Hawaii residents ripped off in nationwide cancer scheme

Local News

They collected hundreds of millions of dollars from people across the country, including Hawaii, by claiming to help cancer patients.

But in an announcement Tuesday, the government says it was all a sham.

Hawaii is part of a lawsuit against four non-profits claiming to be cancer charities: The Cancer Fund of America, Cancer Support Services, The Children’s Cancer Fund of America, The Breast Cancer Society of America and their top brass.

It’s a historic lawsuit involving all 50 states that accuses four so-called cancer charities of taking $187 million from donors between 2008 and 2012.

“The defendants used direct mail and telemarketing to tell prospective donors that the money would help children with cancer as well as women with breast cancer,” said State Attorney General Doug Chin.

In an actual call made to a donor, a telemarketer asked, “Are you donating $10?”

“Yes,” the caller said.

“Go straight to the program. Will you be using your credit or debit card to finance that?”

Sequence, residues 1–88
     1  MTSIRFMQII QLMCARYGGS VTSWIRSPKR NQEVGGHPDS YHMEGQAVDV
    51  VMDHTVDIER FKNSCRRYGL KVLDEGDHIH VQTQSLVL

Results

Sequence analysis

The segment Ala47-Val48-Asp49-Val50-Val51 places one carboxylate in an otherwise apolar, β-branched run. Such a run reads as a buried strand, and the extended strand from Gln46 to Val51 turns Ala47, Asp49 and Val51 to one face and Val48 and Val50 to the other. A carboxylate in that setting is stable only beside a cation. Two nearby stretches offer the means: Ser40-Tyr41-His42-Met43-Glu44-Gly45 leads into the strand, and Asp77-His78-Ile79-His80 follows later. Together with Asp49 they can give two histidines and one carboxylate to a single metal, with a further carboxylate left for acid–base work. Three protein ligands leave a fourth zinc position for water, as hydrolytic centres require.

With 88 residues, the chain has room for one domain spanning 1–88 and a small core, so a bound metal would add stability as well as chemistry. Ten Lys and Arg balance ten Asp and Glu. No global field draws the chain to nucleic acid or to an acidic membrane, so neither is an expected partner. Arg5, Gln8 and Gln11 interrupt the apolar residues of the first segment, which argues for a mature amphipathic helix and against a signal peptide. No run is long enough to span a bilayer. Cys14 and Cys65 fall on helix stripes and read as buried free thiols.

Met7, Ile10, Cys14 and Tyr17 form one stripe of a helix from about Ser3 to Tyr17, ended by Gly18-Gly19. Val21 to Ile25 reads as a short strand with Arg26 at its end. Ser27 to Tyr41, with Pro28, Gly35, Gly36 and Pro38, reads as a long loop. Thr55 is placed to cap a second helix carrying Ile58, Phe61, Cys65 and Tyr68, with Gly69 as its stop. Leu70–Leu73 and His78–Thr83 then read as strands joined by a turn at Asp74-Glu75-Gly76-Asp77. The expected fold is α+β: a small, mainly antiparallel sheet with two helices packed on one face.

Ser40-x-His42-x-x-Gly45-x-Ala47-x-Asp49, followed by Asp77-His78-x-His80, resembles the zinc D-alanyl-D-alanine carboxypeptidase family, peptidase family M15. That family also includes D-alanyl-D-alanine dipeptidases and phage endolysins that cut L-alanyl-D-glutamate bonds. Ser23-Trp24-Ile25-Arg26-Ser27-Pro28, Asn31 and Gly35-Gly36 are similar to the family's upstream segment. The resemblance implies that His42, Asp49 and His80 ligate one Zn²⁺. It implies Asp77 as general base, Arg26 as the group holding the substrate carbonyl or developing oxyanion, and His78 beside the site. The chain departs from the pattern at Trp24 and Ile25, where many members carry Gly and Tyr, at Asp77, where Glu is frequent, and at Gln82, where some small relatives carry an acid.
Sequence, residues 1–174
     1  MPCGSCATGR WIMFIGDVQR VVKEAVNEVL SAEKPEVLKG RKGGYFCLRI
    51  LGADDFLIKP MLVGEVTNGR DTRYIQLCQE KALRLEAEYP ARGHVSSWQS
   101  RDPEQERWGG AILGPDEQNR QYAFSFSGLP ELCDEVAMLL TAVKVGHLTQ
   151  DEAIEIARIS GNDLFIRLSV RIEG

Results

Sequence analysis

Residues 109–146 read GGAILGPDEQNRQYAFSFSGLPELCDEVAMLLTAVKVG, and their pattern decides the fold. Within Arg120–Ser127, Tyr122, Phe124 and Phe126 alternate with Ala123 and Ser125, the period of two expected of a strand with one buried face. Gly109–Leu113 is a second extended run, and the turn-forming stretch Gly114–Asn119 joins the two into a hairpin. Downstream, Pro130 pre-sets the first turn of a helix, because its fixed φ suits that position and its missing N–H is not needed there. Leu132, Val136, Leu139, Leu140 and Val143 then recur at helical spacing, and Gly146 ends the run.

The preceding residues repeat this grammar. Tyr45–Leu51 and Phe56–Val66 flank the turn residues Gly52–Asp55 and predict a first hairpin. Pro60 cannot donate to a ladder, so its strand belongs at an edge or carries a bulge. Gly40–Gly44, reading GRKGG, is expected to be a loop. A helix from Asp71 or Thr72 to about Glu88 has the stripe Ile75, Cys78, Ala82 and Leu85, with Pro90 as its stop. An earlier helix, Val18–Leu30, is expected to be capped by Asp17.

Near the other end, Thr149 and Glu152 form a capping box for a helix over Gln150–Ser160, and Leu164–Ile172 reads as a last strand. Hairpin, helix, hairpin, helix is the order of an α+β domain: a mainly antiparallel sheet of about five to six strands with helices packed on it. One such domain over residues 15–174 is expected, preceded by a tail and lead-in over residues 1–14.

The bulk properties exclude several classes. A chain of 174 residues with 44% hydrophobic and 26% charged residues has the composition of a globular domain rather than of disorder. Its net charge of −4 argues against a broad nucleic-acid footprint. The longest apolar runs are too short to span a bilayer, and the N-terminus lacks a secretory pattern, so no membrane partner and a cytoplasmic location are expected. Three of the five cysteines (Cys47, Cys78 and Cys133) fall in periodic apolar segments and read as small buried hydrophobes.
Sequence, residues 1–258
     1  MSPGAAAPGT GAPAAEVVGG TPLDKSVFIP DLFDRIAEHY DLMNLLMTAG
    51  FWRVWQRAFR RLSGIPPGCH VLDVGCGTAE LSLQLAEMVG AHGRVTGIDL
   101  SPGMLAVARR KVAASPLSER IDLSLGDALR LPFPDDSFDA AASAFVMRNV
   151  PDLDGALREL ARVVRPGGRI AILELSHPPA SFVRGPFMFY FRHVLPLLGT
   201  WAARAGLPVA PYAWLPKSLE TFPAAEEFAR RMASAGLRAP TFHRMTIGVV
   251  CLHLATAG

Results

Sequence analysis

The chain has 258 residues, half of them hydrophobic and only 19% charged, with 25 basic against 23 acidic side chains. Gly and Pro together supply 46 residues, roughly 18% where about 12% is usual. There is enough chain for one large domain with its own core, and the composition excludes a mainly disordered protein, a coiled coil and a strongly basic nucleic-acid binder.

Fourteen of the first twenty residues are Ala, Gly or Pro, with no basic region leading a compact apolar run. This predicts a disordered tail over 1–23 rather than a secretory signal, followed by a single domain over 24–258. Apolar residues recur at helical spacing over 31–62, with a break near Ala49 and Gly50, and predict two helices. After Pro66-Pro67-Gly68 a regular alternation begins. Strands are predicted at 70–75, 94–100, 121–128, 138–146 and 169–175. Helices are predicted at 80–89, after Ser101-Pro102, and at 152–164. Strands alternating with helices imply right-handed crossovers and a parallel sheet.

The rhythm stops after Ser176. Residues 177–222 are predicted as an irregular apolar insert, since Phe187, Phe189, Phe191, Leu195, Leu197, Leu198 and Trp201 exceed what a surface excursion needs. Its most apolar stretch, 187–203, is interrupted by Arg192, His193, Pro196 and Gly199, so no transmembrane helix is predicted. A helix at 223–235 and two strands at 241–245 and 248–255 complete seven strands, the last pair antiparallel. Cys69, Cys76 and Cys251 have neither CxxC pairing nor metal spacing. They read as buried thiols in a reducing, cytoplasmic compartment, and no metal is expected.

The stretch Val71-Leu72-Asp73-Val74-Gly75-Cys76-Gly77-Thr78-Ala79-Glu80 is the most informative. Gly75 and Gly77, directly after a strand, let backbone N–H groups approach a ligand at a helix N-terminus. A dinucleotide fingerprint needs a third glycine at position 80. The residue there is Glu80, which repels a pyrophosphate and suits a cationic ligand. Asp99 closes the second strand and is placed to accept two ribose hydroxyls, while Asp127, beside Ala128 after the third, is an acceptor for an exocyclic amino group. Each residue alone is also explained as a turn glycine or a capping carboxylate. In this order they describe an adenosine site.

Officials said telemarketers would use high-pressure tactics to get money, which should have been a big red flag.

Donors thought their money would help patients by paying for transportation costs to chemotherapy appointments as well as medical supplies and equipment.

But the money went to a variety of other things, including cars, trips, gym memberships, concert tickets, college tuition and even memberships for online dating sites.

“I mean, how low can someone be to ask you for money to help kids who have cancer?” said Steven Levins, executive director of the Office of Consumer Protection.

Officials believe there are some Hawaii residents who were victims, but they still don’t know how much money left the islands.

Settlements have also been filed. Three people who were involved have been banned from fundraising, and two so-called charities, Breast Cancer Society of America and Children’s Cancer Fund of America, will be dissolved.

But the Better Business Bureau Hawaii says the impact could be much larger.

“It’s really unfortunate because charities that have similar names to these bad actors can be directly affected. People will confuse them for the people that are using donors money unwisely,” said CEO Greg Dunn.

Litigation will continue against the other two groups, Cancer Fund of America and Cancer Support Services.

There is a chance telemarketers could be trying to contact people to get more money.Click here for more information from the Federal Trade Commission.

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